My 90 year old mother-in-law living with us was depressed all the time also. Her mind is pretty good but she went to doctor and they prescribed some good Anti-depresents or "Anxiety" preventing drugs. You might want to take her to a doctor and go in with her and talk to the doctor yourself. In our particular case we all work, so she is left to herself all day 8-4 and since she has maculare degeneration of the eyes she cant see to read anymore so she is in pretty much 97% in solitude all day. We of course give her audio tape books to listen to, and she really likes that a lot, it takes her mind off stuff. Solitude is never good for anyone, especially an older person. Sometimes I think living in a nursing home sutuation might stimulate her mind better but her 3 daughters have not decided to go that direction yet. Good luck with see the audion tapes and/or the doctor? Either way, Get her mind busy, and give her some Audio Tapes of some Good Books, it cheap and like I said takes her mind off things around her.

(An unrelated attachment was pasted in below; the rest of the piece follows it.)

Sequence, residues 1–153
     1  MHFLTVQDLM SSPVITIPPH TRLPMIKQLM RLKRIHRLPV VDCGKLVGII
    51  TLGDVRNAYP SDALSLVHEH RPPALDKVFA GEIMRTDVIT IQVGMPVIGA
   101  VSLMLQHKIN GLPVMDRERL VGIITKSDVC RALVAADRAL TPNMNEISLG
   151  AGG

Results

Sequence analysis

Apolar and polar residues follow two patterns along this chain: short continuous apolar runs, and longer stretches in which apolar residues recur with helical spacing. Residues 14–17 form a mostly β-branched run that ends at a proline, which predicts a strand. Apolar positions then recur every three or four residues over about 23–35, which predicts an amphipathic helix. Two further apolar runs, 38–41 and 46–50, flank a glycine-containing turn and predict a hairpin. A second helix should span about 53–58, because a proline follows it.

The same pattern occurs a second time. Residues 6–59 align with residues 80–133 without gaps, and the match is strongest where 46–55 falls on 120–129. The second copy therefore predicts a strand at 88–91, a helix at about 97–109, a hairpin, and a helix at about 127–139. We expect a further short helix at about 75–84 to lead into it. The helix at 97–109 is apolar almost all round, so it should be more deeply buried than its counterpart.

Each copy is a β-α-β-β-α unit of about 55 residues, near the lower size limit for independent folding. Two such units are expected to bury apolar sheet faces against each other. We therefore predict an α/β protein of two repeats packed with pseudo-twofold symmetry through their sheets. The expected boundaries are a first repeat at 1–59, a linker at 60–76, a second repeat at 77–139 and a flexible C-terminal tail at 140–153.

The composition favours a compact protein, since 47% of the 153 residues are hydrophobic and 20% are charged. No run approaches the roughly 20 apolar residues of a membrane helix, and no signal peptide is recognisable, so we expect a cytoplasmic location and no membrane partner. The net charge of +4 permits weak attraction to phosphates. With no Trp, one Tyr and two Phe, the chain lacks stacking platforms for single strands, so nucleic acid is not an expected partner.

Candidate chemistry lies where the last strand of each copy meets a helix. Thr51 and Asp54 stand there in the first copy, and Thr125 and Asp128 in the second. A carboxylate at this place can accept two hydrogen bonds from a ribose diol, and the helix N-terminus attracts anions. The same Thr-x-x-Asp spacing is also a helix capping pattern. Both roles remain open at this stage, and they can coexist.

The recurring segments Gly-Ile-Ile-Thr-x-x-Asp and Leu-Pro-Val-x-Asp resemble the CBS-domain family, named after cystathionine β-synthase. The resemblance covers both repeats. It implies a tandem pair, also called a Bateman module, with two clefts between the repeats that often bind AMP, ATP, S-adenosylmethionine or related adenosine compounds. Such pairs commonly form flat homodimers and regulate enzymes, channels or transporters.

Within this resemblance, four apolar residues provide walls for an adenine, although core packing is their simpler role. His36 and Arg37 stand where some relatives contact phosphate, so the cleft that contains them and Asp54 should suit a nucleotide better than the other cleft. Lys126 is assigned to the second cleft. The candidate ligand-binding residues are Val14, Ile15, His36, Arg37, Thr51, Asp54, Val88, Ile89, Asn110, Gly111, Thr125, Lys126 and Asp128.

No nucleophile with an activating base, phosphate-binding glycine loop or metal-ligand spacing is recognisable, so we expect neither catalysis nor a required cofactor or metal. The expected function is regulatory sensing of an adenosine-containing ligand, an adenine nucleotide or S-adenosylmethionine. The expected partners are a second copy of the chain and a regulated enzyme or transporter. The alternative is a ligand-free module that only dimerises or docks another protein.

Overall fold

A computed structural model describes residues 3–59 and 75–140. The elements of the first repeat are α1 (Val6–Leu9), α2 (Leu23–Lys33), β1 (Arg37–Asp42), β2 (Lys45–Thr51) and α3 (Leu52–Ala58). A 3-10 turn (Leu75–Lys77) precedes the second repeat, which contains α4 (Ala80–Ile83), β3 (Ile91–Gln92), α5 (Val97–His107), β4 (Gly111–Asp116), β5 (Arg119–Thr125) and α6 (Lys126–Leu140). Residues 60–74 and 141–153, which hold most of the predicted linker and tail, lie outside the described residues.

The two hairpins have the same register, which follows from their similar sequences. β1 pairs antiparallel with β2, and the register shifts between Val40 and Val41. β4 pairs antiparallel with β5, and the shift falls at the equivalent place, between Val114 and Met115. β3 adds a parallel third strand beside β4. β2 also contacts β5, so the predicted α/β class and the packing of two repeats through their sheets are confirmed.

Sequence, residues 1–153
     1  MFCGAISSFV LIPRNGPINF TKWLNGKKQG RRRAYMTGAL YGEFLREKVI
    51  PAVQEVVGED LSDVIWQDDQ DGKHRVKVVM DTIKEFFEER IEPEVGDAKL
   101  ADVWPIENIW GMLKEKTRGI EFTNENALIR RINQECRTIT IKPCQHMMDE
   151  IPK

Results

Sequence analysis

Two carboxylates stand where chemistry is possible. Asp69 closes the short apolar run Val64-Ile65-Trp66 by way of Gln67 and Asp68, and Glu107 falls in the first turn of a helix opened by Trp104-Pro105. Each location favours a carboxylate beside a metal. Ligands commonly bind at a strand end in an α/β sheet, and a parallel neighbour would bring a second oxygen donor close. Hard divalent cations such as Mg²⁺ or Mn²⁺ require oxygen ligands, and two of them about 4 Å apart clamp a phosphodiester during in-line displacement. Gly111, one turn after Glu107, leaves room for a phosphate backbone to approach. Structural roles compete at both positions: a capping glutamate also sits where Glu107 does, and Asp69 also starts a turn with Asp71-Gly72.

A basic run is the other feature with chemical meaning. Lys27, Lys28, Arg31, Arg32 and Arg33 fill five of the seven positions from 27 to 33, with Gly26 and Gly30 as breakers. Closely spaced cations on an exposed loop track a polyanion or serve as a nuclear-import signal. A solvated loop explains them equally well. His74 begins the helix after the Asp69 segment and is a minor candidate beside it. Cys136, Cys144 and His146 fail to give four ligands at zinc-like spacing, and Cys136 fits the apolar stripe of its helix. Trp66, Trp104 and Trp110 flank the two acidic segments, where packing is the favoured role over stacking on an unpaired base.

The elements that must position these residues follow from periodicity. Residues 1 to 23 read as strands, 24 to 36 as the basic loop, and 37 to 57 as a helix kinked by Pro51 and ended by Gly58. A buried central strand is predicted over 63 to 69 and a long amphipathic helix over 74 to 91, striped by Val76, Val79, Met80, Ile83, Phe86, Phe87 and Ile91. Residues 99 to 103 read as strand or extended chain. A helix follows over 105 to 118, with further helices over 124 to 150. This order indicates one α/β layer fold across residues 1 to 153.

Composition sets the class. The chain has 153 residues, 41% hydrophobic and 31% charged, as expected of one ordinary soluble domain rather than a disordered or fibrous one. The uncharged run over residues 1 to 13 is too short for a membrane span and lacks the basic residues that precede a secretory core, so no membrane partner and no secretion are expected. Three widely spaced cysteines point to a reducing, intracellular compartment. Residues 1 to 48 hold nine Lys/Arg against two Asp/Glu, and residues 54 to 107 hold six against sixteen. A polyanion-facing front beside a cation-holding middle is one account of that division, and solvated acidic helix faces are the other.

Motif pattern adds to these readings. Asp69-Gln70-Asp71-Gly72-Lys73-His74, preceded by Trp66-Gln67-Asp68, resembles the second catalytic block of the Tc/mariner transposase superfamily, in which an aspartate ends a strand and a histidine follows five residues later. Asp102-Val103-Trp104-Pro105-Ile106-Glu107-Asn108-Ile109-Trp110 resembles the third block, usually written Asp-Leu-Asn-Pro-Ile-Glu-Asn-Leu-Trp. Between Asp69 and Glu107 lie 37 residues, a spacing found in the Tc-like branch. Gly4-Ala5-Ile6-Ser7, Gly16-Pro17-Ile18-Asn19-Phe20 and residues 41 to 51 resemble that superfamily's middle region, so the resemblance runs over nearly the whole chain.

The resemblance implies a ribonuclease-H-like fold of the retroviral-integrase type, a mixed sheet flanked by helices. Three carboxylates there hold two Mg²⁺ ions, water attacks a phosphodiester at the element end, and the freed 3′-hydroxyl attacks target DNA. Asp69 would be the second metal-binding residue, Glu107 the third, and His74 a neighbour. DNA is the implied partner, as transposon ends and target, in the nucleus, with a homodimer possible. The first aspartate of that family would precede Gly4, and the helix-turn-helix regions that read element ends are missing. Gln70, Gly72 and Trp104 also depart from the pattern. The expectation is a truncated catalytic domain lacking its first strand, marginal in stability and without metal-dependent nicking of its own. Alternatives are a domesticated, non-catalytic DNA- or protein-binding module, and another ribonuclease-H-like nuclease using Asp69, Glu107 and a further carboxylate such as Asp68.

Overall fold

Remember the old saying: "If you let the mind wonder it will." Try not to let the mind wonder, keep it busy. Sometimes when we get older the mind acts like a child. When "teachers" have a young child crying, unrulely, or anything else we "RE-DIRECT THEM". Get their mind on something else, have them do something that will "help" them forget their external problems.
Probably nothing is 100%, but you can try these small adjustments for little or no cost. Good Luck.